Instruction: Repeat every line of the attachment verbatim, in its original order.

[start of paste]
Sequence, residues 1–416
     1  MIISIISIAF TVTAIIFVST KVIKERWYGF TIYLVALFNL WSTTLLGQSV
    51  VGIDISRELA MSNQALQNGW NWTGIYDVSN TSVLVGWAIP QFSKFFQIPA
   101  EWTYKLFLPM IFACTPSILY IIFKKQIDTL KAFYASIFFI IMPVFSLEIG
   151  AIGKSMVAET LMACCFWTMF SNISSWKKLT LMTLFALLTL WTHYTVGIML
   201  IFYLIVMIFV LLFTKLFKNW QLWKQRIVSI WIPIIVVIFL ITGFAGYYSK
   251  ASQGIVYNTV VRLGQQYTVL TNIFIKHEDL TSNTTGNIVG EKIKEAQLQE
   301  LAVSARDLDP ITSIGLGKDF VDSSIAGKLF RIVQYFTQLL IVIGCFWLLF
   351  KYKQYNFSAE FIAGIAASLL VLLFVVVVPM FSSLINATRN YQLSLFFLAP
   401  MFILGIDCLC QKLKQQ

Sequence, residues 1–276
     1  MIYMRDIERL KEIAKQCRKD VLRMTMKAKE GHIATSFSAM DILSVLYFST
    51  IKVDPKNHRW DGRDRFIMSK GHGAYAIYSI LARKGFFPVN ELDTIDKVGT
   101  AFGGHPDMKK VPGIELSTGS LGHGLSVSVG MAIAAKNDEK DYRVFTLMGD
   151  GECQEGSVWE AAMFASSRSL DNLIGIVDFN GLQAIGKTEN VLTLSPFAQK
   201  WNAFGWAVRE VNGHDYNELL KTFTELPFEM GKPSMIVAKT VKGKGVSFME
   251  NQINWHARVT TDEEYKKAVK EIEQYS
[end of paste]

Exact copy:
Sequence, residues 1–416
     1  MIISIISIAF TVTAIIFVST KVIKERWYGF TIYLVALFNL WSTTLLGQSV
    51  VGIDISRELA MSNQALQNGW NWTGIYDVSN TSVLVGWAIP QFSKFFQIPA
   101  EWTYKLFLPM IFACTPSILY IIFKKQIDTL KAFYASIFFI IMPVFSLEIG
   151  AIGKSMVAET LMACCFWTMF SNISSWKKLT LMTLFALLTL WTHYTVGIML
   201  IFYLIVMIFV LLFTKLFKNW QLWKQRIVSI WIPIIVVIFL ITGFAGYYSK
   251  ASQGIVYNTV VRLGQQYTVL TNIFIKHEDL TSNTTGNIVG EKIKEAQLQE
   301  LAVSARDLDP ITSIGLGKDF VDSSIAGKLF RIVQYFTQLL IVIGCFWLLF
   351  KYKQYNFSAE FIAGIAASLL VLLFVVVVPM FSSLINATRN YQLSLFFLAP
   401  MFILGIDCLC QKLKQQ

Sequence, residues 1–276
     1  MIYMRDIERL KEIAKQCRKD VLRMTMKAKE GHIATSFSAM DILSVLYFST
    51  IKVDPKNHRW DGRDRFIMSK GHGAYAIYSI LARKGFFPVN ELDTIDKVGT
   101  AFGGHPDMKK VPGIELSTGS LGHGLSVSVG MAIAAKNDEK DYRVFTLMGD
   151  GECQEGSVWE AAMFASSRSL DNLIGIVDFN GLQAIGKTEN VLTLSPFAQK
   201  WNAFGWAVRE VNGHDYNELL KTFTELPFEM GKPSMIVAKT VKGKGVSFME
   251  NQINWHARVT TDEEYKKAVK EIEQYS